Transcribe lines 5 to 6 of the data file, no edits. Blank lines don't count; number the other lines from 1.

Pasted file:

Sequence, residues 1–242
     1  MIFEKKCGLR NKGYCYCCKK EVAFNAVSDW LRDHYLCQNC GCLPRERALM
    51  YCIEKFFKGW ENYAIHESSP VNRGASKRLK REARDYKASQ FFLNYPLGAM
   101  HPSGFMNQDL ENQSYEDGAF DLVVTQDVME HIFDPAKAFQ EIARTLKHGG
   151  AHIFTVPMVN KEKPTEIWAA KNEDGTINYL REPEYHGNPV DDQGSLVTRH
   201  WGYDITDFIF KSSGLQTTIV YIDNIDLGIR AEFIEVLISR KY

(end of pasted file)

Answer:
   151  AHIFTVPMVN KEKPTEIWAA KNEDGTINYL REPEYHGNPV DDQGSLVTRH
   201  WGYDITDFIF KSSGLQTTIV YIDNIDLGIR AEFIEVLISR KY